Dear Mrs Macaulay,
I have been living with this man for over five years. He is yet to be divorced but was gazetted. During this time I had a son with him and would like to know if anything should happen to him, what can I do to protect my son.
We bought a house together and signed the papers as joint tenants and the beneficiaries would be my first son and the one I have with him. Can his wife challenge me on the house?
What about the car we bought together? He also has some insurance policies with my sons' names on it, and my name too. Can she challenge it?
My whole issue is, how can I protect my son if anything should happen to his father since he is still legally married?
I am afraid that even though you have lived with your son's father for over five years, and “he has been gazetted”, this does not matter because only a legal divorce can change his status to a divorced person. When that happens, if you continue cohabiting with him after he is divorced, time will start to run towards the five years qualifying period for the legal status of common-law spouses to be achieved at the end of the period. However, your lack of status as a common-law spouse does not adversely affect your son's rights, interests, and entitlements.
I assume that the father's full details appear in your son's birth records and therefore on his birth certificate following the report of his birth by you both. If this is not the case, then you must apply to the Family Court in your parish for a declaration of paternity.
I also assume that the father is maintaining his son and so you may not wish to, and do not need to formalise his maintenance provisions by applying for legal orders to be made by the court.
Anyway, you asked specific questions, so let me deal with them now. You first ask a general question, that if something should happen (by which I think you mean if he dies) to your son's father, what you can do to protect your son. I have already answered this one above, that you must ensure that the father's particulars are in your son's birth records and birth certificate. This will make any claim you may have to make on his behalf in the absence of his father assured of success and would give him the legal status to share in his father's estate.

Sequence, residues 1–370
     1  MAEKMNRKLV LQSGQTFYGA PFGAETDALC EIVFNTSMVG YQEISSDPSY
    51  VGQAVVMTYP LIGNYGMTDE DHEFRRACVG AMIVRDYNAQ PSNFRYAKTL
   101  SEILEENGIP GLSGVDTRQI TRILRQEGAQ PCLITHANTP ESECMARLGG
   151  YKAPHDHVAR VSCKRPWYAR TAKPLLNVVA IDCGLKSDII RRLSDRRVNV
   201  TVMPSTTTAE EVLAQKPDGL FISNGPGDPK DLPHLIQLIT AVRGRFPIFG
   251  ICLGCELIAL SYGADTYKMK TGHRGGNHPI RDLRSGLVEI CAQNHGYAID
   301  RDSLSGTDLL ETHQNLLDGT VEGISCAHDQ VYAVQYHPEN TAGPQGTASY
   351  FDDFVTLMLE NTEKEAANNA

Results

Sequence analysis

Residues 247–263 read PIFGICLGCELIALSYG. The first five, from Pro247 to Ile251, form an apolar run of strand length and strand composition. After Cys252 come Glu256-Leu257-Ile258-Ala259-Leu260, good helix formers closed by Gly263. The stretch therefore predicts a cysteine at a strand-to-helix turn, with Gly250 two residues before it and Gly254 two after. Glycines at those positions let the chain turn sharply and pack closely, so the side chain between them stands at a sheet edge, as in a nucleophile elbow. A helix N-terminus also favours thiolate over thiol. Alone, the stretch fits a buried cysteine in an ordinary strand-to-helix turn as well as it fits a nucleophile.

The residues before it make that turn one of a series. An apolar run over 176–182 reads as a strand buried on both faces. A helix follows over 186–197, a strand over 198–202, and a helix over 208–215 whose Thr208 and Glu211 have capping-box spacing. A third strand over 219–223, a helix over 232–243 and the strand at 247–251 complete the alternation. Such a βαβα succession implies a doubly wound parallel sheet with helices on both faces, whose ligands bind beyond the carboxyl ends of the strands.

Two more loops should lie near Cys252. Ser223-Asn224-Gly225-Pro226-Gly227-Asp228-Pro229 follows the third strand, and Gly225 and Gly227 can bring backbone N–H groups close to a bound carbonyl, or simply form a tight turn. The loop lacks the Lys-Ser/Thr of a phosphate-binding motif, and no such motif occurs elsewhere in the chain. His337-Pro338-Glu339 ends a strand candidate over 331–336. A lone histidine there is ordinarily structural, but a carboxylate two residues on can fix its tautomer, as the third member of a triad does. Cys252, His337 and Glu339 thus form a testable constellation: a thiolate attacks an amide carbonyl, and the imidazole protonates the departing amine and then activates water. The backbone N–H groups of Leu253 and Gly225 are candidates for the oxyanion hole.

You are also concerned about the house you and your son's father bought together and hold jointly and you ask whether the wife can challenge you about it.
It is very clear that since you bought it together and your name is on the title as a joint tenant, that you are fully protected. The law of survivorship would apply and if he dies before you then you as the survivor would get the whole property. You would merely have to note his death on the title. The same would be the case if you die first and he survives. If the latter happens, then he must either, while noting your death on the title, join your son's name with his as a joint tenant, or make a will immediately leaving the property to him solely. The history of your joint ownership would protect him against the wife if she ever tries to challenge him over the property. She certainly could not succeed in overturning his title on the only ground which is legal, which is fraud. I would choose that he does the former and puts the son's name on the title as a joint tenant. But all being equal, I hope that you are the survivor, as then you will certainly ensure that your son is the beneficiary of the property.
The same would be the case for the motorcar. As long as your name is on the title of it as a joint owner, the wife cannot trouble you over your ownership of it if he predeceases you.
And the same would be the position about you and your son being the named beneficiaries on insurance policies of his. Since he did so properly and legally and in full possession of his senses, neither the wife nor anyone else can adversely affect your claims for such policies.
In my view, overall, you do not seem to have anything to worry about with regard to yourself and your son. I trust that I have put your concerns to rest.
All best wishes.
Margarette May Macaulay is an attorney-at-law, Supreme Court mediator, notary public, and women's and children's rights advocate. Send questions via e-mail to firstname.lastname@example.org; or write to All Woman, 40-42 1/2 Beechwood Avenue, Kingston 5. All responses are published. Mrs Macaulay cannot provide personal responses.
The contents of this article are for informational purposes only, and must not be relied upon as an alternative to legal advice from your own attorney.